Review and road test of the Vauxhall ADAM Energised
A RE-ENERGISED PROPOSITION
Vauxhall's trendy little ADAM Energised model offers trendy city dwellers a more fashionable feel at an affordable price. Jonathan Crouch checks it out
Ten Second Review of the Vauxhall ADAM Energised
Vauxhall's ADAM is a fashionable little citycar that did much to pioneer the whole concept of almost endless buyer personalisation when it comes to models in this segment. If you'd rather than the Griffin brand did the job for you though, then this 'Energised' derivative might be up your street. You have to have it with the 1.2-litre petrol engine and it comes with a pleasingly bespoke feel for the money.
The ADAM has proved to be a small but significant player in the compact car segment for Vauxhall and since it was first launched, the brand hasn't stopped continually trying to improve it. First, there was a pokier 1.0-litre direct injection turbo petrol engine. Then a 'Rocks Air' convertible bodystyle. Then an 'S' hot hatch model. And now this 'Energised' high value version.
The 'Energised' package is quite a simple one to get your head around. It involves taking the most affordable 69bhp 1.2-litre petrol engine, then matching it with a classier look, 17-inch gloss black alloy wheels, part-leather seats and the Intellilink infotainment system for less than £2,000 more. Sounds promising.
So what's it like behind the wheel? Slide into the seat and there's a very different feel from that provided by a Corsa - or any other conventional supermini come to that. The commanding driving position, the big chunky MINI-like wheel, the wide, low glass area. It all makes you eager to tackle the urban jungle, with the promise of secondary road sportiness beyond.
Not too much mind. In this 'Energised' derivative, you only get the feeblest 69bhp 1.2-litre non-turbo petrol engine, so performance is leisurely to say the least. 62mph from rest takes 14.9s and the engine does struggle a little with the task of pushing nearly 1.1-tonnes of ADAM up the road with any real zip. As with most models of this kind, while you'll be quite comfortable in attempting a motorway trip of a few hours, you will notice at and around the legal limit that refinement isn't quite as good as you first thought.
Design and Build
At under 3.7m in length, this ADAM is actually shorter than many citycars and a full 300mm shorter than Vauxhall's Corsa supermini. But there's more to it than that. The tall height and the considerable width - it's actually wider than a Corsa - positions it visually as a bigger car than it actually is. A clever trick, which also pays dividends inside.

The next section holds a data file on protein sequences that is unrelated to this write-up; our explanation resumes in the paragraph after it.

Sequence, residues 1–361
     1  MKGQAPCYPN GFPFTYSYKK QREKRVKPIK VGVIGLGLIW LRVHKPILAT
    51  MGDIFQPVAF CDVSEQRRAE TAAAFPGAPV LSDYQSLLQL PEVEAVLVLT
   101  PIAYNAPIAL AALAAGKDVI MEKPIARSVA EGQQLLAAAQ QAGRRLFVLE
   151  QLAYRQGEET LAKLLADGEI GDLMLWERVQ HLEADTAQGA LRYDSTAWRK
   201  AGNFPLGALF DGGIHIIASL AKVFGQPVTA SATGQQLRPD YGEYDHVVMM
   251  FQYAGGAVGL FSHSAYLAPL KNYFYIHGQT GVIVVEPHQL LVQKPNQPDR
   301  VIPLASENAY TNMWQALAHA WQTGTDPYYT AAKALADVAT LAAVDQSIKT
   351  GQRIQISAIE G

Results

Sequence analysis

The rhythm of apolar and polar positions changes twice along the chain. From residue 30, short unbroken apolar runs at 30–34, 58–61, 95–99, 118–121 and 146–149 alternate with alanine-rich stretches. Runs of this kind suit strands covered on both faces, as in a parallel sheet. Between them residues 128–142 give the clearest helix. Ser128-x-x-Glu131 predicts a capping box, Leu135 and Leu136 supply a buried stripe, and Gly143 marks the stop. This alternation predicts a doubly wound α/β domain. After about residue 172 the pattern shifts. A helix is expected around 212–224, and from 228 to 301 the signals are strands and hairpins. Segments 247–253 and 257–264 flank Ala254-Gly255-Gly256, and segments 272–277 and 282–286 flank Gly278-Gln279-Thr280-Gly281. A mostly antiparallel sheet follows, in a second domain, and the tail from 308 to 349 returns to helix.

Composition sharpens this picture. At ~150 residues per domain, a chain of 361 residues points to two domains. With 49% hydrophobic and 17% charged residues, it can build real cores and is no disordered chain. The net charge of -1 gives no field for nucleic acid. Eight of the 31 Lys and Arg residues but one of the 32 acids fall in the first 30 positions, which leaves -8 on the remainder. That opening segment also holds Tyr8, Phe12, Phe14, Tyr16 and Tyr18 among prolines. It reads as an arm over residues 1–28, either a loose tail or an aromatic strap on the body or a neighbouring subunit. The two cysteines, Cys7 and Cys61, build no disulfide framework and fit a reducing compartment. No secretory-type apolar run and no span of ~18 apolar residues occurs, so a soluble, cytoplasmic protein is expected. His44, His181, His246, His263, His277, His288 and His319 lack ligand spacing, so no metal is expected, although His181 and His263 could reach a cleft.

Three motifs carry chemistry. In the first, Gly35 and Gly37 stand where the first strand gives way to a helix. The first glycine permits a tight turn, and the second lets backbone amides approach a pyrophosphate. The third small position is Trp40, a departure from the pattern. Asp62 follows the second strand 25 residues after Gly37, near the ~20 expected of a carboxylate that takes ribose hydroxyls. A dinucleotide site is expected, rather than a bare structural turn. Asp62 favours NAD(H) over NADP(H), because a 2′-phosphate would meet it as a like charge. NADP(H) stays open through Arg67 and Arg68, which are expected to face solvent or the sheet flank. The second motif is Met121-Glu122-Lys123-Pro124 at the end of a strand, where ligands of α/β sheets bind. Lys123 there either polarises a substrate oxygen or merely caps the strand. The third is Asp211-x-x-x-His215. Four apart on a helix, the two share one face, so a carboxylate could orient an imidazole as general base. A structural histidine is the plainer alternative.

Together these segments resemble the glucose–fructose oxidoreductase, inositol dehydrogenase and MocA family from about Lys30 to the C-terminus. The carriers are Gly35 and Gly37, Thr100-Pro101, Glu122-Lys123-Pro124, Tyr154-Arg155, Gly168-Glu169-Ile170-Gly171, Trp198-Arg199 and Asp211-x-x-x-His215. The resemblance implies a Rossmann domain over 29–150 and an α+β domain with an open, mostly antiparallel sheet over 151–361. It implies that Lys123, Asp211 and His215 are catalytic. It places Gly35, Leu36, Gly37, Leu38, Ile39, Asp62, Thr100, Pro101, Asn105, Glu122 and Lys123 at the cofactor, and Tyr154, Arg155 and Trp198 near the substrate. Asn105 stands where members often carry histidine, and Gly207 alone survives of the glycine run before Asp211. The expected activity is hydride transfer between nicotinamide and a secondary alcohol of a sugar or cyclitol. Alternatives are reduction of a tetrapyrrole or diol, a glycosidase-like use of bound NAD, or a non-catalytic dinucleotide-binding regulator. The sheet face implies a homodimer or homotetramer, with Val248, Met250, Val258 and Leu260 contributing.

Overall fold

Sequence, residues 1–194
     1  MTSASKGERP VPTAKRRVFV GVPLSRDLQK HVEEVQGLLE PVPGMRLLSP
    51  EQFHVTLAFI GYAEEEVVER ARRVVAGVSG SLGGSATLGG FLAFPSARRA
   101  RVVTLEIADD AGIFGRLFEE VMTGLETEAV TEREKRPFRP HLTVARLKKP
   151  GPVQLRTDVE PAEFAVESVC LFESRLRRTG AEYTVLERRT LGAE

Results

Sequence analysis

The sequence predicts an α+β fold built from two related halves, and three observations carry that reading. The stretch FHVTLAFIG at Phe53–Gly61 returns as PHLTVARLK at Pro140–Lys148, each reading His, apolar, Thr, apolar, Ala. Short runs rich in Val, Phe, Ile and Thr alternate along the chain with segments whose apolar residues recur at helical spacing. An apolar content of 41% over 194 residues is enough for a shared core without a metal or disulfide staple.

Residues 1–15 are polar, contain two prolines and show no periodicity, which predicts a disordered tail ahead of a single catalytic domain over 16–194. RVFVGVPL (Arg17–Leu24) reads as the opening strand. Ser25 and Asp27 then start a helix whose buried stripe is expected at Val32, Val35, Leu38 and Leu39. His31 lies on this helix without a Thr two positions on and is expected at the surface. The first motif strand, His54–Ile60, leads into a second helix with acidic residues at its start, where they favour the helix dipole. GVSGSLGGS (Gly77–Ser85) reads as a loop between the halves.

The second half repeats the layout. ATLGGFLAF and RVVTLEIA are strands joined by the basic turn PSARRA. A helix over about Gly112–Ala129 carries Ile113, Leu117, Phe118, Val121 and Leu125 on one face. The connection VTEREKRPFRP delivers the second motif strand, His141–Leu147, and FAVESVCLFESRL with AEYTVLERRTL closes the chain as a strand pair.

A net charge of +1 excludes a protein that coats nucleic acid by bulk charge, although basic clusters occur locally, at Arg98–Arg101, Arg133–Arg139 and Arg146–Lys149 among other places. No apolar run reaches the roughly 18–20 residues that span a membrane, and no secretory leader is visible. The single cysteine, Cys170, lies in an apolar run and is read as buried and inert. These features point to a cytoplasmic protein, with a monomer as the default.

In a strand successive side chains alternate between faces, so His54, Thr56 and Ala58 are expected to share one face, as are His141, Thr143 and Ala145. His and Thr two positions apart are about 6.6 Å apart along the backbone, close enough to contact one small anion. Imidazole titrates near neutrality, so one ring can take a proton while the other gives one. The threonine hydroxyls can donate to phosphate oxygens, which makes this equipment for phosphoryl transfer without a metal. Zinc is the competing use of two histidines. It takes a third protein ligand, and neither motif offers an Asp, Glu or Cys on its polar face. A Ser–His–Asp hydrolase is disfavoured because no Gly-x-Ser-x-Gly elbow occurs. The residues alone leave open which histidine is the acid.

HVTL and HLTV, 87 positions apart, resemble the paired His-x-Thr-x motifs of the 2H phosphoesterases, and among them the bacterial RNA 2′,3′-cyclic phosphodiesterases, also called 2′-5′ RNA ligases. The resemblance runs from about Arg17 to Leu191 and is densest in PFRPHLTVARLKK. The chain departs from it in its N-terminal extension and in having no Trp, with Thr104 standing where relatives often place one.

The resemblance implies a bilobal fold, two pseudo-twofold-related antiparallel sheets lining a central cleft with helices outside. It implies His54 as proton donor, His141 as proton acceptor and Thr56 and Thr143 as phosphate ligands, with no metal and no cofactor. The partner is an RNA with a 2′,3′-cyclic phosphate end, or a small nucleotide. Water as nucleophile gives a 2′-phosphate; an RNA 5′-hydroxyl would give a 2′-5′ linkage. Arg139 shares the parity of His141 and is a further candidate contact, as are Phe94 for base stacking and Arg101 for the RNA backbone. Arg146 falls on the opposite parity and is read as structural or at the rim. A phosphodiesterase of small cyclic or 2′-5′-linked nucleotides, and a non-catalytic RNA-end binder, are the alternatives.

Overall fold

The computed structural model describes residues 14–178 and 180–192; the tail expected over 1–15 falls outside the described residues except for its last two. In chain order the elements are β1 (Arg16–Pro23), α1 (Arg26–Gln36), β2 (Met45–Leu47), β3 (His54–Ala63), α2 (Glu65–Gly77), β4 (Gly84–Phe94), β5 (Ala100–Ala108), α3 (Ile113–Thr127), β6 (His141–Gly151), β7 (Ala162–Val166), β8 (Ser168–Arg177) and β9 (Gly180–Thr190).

As in a Fiat 500, the high roof gives a spacious feel, something that here is further underlined by the greater width and glass area. But all the smoke and mirrors in the world can't create space where there isn't much and Vauxhall's claim that this design can 'comfortably seat four adults' requires for fulfilment the directive that those in the front should be very short-legged indeed.
And at the wheel? The dash is dominated by the 7-inch LCD colour Intellilink infotainment system, one of the first to be able to communicate with both Apple and Android devices and applications and operable either via the touchscreen itself or through steering wheel switchgear.
Out back, a prod on the rear Griffin badge reveals a 170-litre boot that lies size-wise somewhere between slightly smaller shape of a MINI and the slightly larger one of a Fiat 500.
Market and Model
The 'Energised' package adds 17-inch gloss black alloy wheels, a black roof and black exterior detailing. Plus you also get LED daytime running lights and LED tail-lights included. Inside, you'll find part-leather seats, sports pedals and the Intelliink infotainment system. The complete package costs an extra £1,845 on top of the normal car and the only extra is the optional OnStar system. Buyers get a choice of five colours but unfortunately, they can only have Vauxhall's older 1.2-litre petrol engine - you can't specify the more modern 1.0-litre direct injection unit.
The one thing that isn't optional on this ADAM - and shouldn't be - is safety. This model gets the expected twin front, side and curtain airbags and ABS brakes, plus the ESP stability control that some rivals charge extra for on their baseline models. Some of the fancier safety systems borrowed from larger cars that other rivals have started offering are missing though. Obvious rivals include Fiat's 500 and ritzier versions of Volkswagen's up!
Cost of Ownership
Because this 'Energised' variant can't be had with Vauxhall's most economic 1.0 ECOTEC engine - or any sort of diesel option - the running cost returns on offer here can't be in any way exemplary. Still, a combined cycle figure of 53.3mpg and a CO2 return of 124g/km is hardly ruinous.
You can monitor your progress in frugality by keeping an eye on the 'Eco Drive Assistant' - basically a section of the trip computer that monitors energy consumption and indicates when to shift up. Residuals will probably be a touch behind, say, a MINI Hatch 3-door or a Fiat 500, but perhaps only until the market adjusts to the idea of as desirable fashion-led small Vauxhall.
The tiny lifestyle city statement this car represents is a well familiar one of course, but this little Vauxhall carries it off with greater confidence in this 'Energised' guise. Of course, as with most cars of this kind, buyers must be prepared to forgo the greater space they'd have enjoyed in an ordinary run-of-the-mill supermini that would have cost much the same.
Still, the growth of this particular little market niche suggest that there are many buyers out there making those sorts of choices and in meeting their needs, this is very much the kind of more interesting fashion-led product Vauxhall simply has to make for long term profitability. If it strikes a chord with you, well why not?
Vauxhall ADAM Energised review by Jonathan Crouch